“Most people, regardless of the vaccine they receive, should not expect severe side effects like this,” says Donald Yealy, MD, chief medical officer, UPMC. “It’s exceptionally rare.”

Is the Johnson & Johnson Vaccine Effective?

Clinical trial data from the J&J vaccine reported it was close to 70% effective in preventing mild to moderate COVID-19. Data showed it was 85% effective in preventing severe disease and 100% effective against hospitalization and death.

Those numbers significantly exceed the FDA requirements to grant an EUA, Dr. Snyder says. The protection against severe illness, hospitalization, and death is especially important.

“If a vaccine protects you 60% to 70% of the time from getting sick, that’s fantastic,” Dr. Snyder says.

“The [Johnson & Johnson, Pfizer, and Moderna vaccines] are all spectacular at keeping you from having to be hospitalized, or in the ICU, or ventilated, or dying. If the job we want a vaccine to do is keep you generally well, they’re all spectacular.”

So far, all three vaccines appear to do a good job to prevent a person from being contagious but without symptoms. More data will be needed on that front, Dr. Snyder says. It is important to continue to wear a mask and maintain distancing.

How Does the Johnson & Johnson Vaccine Compare to Pfizer and Moderna?

The J&J vaccine has some similarities and differences compared to the COVID-19 vaccines produced by Pfizer and Moderna.

How are the COVID-19 vaccines similar?

Reported data show the J&J, Moderna, and Pfizer vaccines are all safe and highly effective in preventing symptomatic COVID-19. They are especially effective against severe COVID-19, hospitalization, and death.

All three vaccines work in similar ways. They all teach our bodies how to make antibodies against SARS-CoV-2 without using a live virus. But the teaching methods are different.

How are the COVID-19 vaccines different?

Differences between the COVID-19 vaccines include:

  • Type of vaccine: Johnson & Johnson’s vaccine is a viral vector vaccine. It uses a modified substitute virus to deliver instructions to your immune system about how to fight SARS-CoV-2. The Pfizer and Moderna vaccines both are mRNA vaccines. They use synthetic messenger RNA to deliver the instructions to your immune system.
  • Number of doses: The J&J vaccine currently requires one dose. The Pfizer and Moderna vaccines both require two doses, delivered weeks apart.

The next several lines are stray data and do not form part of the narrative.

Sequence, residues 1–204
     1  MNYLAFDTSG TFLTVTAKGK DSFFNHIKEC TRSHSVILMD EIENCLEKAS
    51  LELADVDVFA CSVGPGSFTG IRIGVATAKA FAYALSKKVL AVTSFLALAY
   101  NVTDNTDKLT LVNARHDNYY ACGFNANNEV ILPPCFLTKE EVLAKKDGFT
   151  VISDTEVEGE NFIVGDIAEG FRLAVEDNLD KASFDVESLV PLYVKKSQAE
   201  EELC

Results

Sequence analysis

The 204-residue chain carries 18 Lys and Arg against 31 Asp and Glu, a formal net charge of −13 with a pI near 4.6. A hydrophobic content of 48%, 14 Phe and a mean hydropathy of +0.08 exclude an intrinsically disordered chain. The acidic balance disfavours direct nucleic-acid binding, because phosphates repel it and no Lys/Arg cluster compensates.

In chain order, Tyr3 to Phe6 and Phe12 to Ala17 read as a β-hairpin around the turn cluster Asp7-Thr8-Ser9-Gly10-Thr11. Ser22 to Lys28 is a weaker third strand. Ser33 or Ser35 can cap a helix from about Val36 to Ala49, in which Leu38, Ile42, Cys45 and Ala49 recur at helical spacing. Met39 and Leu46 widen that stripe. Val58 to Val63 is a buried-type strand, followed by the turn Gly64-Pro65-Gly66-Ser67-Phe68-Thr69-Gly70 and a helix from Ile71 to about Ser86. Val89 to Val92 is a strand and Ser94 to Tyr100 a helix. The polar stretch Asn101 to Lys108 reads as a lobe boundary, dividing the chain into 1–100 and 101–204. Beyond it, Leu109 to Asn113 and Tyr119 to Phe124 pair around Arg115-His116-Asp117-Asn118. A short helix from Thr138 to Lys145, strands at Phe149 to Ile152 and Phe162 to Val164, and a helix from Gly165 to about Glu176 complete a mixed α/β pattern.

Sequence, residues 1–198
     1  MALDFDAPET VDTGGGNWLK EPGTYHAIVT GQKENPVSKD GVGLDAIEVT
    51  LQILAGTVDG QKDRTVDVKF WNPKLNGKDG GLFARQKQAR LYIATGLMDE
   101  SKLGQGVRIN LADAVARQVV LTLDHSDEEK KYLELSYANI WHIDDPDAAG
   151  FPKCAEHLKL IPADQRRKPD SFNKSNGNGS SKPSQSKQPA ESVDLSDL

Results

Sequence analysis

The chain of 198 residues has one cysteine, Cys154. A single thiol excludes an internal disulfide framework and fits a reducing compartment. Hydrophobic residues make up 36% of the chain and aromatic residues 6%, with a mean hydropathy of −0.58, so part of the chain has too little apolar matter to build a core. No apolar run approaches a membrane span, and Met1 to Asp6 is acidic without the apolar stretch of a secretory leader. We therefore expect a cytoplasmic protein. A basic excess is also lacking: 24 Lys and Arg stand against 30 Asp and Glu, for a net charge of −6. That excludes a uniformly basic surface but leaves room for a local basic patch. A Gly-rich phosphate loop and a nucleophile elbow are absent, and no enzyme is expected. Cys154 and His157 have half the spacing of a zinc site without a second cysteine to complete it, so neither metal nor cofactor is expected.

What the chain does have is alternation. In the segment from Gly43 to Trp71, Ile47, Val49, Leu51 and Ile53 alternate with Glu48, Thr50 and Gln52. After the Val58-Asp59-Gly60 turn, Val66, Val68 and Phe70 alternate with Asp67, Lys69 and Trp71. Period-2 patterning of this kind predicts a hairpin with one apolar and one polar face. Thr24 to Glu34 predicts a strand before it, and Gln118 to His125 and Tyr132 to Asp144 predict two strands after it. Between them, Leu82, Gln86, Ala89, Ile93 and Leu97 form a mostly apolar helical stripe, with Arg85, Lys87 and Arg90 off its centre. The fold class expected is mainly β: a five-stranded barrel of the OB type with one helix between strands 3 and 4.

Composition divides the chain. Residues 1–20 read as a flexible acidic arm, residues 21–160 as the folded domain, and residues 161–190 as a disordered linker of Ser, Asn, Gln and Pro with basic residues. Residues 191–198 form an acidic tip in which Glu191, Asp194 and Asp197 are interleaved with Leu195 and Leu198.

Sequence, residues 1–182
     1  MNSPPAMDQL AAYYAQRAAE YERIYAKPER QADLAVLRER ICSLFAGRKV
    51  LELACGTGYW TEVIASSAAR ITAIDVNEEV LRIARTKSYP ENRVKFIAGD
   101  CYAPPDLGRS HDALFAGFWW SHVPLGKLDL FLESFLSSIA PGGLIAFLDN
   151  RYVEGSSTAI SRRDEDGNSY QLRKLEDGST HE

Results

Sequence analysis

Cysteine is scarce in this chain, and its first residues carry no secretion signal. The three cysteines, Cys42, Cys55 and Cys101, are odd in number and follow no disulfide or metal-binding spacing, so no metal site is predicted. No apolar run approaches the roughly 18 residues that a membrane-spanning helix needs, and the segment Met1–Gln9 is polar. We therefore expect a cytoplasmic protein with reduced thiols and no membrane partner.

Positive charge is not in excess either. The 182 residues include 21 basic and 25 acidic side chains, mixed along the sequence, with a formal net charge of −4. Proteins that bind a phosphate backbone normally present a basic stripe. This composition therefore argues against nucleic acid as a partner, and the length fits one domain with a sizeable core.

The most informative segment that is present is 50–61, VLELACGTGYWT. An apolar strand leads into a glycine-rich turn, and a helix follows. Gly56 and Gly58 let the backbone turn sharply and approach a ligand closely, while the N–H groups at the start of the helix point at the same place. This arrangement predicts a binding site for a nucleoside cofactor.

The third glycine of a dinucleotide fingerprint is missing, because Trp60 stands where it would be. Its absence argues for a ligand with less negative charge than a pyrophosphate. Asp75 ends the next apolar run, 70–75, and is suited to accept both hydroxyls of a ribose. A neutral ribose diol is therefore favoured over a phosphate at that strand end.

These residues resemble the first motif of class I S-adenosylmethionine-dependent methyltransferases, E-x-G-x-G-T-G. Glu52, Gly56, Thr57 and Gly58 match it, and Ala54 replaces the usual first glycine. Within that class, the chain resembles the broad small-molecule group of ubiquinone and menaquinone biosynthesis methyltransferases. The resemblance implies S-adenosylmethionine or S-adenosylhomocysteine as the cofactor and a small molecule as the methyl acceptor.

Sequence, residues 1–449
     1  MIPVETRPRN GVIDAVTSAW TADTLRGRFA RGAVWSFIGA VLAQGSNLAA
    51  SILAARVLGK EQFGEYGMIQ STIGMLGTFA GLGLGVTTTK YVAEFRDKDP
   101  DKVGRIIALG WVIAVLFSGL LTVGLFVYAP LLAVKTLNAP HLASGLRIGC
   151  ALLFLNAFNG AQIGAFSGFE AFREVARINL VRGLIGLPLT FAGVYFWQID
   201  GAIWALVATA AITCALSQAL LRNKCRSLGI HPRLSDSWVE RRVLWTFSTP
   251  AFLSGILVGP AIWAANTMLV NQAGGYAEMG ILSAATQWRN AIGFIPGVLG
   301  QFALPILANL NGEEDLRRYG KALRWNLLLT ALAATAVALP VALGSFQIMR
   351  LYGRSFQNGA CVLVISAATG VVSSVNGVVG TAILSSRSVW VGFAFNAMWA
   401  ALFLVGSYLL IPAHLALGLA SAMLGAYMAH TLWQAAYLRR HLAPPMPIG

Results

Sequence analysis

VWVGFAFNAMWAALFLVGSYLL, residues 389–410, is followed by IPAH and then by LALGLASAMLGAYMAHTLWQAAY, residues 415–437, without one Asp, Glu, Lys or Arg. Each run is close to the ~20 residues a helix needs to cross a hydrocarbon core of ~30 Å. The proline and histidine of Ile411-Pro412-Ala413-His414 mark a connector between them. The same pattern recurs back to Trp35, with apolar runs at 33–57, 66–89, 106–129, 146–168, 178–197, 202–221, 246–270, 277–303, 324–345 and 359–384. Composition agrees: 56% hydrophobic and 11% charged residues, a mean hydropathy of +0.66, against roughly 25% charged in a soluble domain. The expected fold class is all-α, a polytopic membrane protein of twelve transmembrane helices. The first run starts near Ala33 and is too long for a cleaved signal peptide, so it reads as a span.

• Effectiveness: The Moderna and Pfizer vaccines both are at least 94% effective in preventing symptomatic COVID-19, compared to close to 70% for J&J. All three are extremely effective in preventing hospitalization, the need for a ventilator (breathing assistance machine), and death. They will all reduce contagiousness.
  • Storage ability: The J&J vaccine does not require the deep-cold storage of the Moderna and Pfizer vaccines. This should make it easier to ship, store, and potentially distribute. “The more vaccine we can get out, the better,” Dr. Snyder says. “That’s a wonderful thing.”

While the J&J vaccine received the EUA, that does not mean it has full FDA approval. Scientists will continue to monitor the safety and efficacy of the vaccine as distribution continues.

On April 13, 2021, the CDC and FDA recommended a pause in the vaccine’s distribution as they investigate reports of rare, serious blood clots in Americans who received the vaccine. The pause will allow federal health officials to investigate the reports further and make further recommendations.

For more information about the COVID-19 vaccine, visit UPMC.com/COVIDVaccine.

Sources

Centers for Disease Control and Prevention, What to Expect After Getting a COVID-19 Vaccine. Link

Centers for Disease Control and Prevention, Understanding How Viral Vector COVID-19 Vaccines Work. Link

New York Times, F.D.A. Clears Johnson & Johnson's Shot, the Third Vaccine for U.S. Link

New York Times, How the Johnson & Johnson Vaccine Works. Link

About UPMC

Headquartered in Pittsburgh, UPMC is a world-renowned health care provider and insurer. We operate 40 hospitals and 700 doctors’ offices and outpatient centers, with locations in central and western Pennsylvania, Maryland, New York, and internationally. We employ 4,900 physicians, and we are leaders in clinical care, groundbreaking research, and treatment breakthroughs. U.S. News & World Report consistently ranks UPMC Presbyterian Shadyside as one of the nation’s best hospitals in many specialties and ranks UPMC Children’s Hospital of Pittsburgh on its Honor Roll of America’s Best Children’s Hospitals.